Show Less

Prospects and Challenges for EU-China Relations in the 21st Century

The Partnership and Cooperation Agreement

Series:

Edited By Jing Men and Giuseppe Balducci

In 25 years, EU-China relations have come far, further than many could have imagined – but how much further can these relations be taken? Today, their bilateral relations are at a crossroads. In effect, it has been 25 years since the EU and China agreed upon the legally binding Trade and Economic Cooperation Agreement, which sets the basis for their diplomatic relations. In an ever increasingly complex and globalised international environment, these actors have become mutually interdependent on a variety of levels. In 2007, they agreed to revise and update the 1985 accord and replace it with an all-encompassing Partnership and Cooperation Agreement. However, more than three years passed, and there are many points of contention which need to be negotiated. What obstacles are blocking this agreement? How can these obstacles be overcome? What concessions should be made and where?
This book will provide an up-to-date analysis of the problematic concerns, and the means to resolve these issues, that range from human rights, to international trade conflicts and climate change.

Prices

Show Summary Details
Restricted access

CHAPTER 6 The Evolution of EU Trade Policy towards China. The Case of Textiles and Clothing (Jappe Eckhardt) 151

Extract

151 CHAPTER 6 The Evolution of EU Trade Policy towards China The Case of Textiles and Clothing Jappe ECKHARDT1 The current legal framework under which trade relations between the EU2 and China are structured – the Trade and Economic Cooperation Agreement (TECA) dates back to 1985. Since the signing of the TECA, the relationship between the EU and China as trading partners has, however, changed considerably. In more than 20 years China has become the EU’s second trading partner and its most important source of imports, making China, in the words of the European Commission: “the single most important challenge for EU trade policy.”3 In order to cope with this challenge in the future, both sides have come to realise that revision of the 1985 framework is inevitable, because “tentative trade relations of the 1980s bear little resemblance to the extensive and complex relationship of the 21st century.”4 Consequently, the EU and China launched negoti- ations for a PCA in 2007, an agreement which should reflect the full complexity of today’s relations between the two. In section one, I intend to analyse, from a European viewpoint, the evolution of EU-China trade relations in general and the EU’s trade policy towards China in particular. To this end I will answer the following question: what changes have taken place in the EU’s trade policy towards China between 1978 and 2009, and what has spurred these changes? This question will be answered with detailed reference to important bilateral trade negotiations between Brussels...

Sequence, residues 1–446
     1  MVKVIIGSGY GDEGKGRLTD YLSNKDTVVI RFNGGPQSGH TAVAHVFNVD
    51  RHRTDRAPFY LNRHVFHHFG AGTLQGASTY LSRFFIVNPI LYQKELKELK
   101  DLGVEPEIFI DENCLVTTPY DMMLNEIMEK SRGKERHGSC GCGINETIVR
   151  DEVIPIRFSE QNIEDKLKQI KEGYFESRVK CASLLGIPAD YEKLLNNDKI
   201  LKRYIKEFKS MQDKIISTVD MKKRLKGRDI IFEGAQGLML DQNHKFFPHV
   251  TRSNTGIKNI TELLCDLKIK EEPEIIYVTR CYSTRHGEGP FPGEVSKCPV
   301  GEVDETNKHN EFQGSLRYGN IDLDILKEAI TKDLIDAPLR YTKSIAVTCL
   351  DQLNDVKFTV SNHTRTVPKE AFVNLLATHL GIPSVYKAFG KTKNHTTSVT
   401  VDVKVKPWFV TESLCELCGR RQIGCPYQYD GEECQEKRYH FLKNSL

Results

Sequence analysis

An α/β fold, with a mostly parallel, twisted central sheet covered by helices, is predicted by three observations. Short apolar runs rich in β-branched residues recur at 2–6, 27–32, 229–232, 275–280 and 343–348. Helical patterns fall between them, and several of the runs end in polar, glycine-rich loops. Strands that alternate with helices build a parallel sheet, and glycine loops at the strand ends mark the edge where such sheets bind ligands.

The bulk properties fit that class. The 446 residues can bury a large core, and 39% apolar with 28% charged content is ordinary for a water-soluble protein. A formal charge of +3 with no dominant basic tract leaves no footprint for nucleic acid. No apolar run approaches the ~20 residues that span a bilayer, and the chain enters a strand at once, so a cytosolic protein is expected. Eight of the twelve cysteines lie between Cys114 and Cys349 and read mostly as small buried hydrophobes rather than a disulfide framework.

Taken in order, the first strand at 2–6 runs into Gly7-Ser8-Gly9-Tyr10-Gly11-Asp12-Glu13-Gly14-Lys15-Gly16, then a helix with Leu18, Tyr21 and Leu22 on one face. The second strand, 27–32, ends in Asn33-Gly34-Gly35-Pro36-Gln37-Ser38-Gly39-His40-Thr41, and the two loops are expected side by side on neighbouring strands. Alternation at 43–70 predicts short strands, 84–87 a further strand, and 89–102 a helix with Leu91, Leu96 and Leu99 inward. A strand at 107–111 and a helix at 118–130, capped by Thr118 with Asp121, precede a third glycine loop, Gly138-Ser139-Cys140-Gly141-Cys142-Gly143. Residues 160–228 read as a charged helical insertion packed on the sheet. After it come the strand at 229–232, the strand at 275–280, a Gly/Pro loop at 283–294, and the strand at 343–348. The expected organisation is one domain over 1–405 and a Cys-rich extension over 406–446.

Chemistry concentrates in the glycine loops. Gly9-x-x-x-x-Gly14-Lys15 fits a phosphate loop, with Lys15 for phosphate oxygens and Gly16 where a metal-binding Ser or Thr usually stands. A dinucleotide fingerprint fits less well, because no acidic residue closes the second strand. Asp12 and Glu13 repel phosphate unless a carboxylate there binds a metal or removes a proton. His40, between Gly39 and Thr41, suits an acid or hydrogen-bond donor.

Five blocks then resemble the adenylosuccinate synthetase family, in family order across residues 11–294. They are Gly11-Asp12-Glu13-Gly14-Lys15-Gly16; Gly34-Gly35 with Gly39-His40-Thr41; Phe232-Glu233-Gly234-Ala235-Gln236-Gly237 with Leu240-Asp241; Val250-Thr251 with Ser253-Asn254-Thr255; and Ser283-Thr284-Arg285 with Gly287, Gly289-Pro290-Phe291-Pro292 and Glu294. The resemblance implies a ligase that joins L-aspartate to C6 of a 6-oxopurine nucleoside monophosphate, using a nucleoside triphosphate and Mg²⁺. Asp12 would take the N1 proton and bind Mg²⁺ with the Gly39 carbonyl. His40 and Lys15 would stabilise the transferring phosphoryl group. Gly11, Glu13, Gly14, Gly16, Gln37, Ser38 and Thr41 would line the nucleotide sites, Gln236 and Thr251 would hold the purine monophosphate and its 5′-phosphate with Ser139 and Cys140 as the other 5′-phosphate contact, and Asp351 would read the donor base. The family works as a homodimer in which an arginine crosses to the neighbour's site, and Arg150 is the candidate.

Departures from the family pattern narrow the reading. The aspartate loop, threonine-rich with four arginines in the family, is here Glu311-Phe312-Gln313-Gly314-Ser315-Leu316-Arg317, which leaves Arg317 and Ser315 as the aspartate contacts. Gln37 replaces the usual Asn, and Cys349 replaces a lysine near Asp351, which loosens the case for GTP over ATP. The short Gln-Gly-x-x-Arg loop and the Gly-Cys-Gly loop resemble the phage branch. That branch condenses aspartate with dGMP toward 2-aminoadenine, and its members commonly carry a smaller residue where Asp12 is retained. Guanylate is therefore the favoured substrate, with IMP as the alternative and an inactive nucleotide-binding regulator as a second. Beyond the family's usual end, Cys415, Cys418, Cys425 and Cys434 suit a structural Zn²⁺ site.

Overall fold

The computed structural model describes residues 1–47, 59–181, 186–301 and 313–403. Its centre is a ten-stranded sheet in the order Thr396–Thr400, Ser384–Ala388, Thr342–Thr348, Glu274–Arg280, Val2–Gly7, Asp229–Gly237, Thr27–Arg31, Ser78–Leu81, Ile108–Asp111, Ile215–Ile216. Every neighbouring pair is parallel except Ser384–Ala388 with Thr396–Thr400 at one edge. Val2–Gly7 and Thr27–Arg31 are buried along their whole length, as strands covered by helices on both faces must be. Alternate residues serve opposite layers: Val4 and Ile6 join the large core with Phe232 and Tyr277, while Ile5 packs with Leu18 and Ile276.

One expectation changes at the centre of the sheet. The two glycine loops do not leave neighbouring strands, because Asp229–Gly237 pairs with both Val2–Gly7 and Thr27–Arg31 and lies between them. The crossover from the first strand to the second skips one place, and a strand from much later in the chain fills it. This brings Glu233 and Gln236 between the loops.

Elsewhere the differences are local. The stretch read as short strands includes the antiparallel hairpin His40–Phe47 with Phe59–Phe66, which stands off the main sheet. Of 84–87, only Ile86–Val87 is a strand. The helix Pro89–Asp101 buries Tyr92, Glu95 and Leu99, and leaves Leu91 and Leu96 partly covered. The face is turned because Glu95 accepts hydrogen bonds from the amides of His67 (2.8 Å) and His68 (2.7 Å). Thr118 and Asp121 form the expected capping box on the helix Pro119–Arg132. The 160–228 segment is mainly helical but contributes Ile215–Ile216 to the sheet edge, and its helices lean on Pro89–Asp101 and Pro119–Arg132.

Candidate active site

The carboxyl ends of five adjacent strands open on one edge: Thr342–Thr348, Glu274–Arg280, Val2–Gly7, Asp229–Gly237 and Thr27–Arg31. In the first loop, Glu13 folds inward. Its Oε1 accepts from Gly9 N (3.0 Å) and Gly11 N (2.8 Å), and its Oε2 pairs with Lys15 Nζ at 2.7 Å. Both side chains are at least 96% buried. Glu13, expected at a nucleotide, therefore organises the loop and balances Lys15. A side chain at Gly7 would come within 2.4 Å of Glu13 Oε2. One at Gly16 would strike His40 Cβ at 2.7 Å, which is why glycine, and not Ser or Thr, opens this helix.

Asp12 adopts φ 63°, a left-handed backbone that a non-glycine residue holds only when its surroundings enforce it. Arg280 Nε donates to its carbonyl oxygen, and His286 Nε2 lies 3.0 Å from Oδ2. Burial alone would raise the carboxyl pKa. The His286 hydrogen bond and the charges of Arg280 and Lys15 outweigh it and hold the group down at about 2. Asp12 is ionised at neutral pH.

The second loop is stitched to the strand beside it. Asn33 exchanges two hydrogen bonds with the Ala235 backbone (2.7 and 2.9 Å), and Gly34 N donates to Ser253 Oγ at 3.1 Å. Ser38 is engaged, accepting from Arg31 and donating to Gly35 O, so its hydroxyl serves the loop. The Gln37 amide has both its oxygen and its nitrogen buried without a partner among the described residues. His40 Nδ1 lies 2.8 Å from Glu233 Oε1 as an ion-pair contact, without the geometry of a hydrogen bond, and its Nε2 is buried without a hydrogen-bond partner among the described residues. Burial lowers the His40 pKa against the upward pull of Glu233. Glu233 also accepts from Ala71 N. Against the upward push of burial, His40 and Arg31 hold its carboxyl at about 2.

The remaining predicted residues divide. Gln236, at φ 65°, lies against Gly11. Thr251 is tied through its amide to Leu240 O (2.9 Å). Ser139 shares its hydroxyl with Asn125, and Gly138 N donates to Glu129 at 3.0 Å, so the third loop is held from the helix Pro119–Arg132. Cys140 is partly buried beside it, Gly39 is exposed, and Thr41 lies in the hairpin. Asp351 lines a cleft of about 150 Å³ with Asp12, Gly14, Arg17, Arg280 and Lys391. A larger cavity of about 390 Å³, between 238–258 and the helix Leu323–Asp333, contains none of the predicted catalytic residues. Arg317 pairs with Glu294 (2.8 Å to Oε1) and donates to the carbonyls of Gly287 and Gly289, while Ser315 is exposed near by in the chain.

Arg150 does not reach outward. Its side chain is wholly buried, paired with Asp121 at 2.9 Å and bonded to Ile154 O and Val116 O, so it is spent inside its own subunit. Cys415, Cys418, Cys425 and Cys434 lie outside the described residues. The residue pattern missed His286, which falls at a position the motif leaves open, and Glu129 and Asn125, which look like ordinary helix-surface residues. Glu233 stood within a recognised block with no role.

You are not authenticated to view the full text of this chapter or article.

This site requires a subscription or purchase to access the full text of books or journals.

Do you have any questions? Contact us.

Or login to access all content.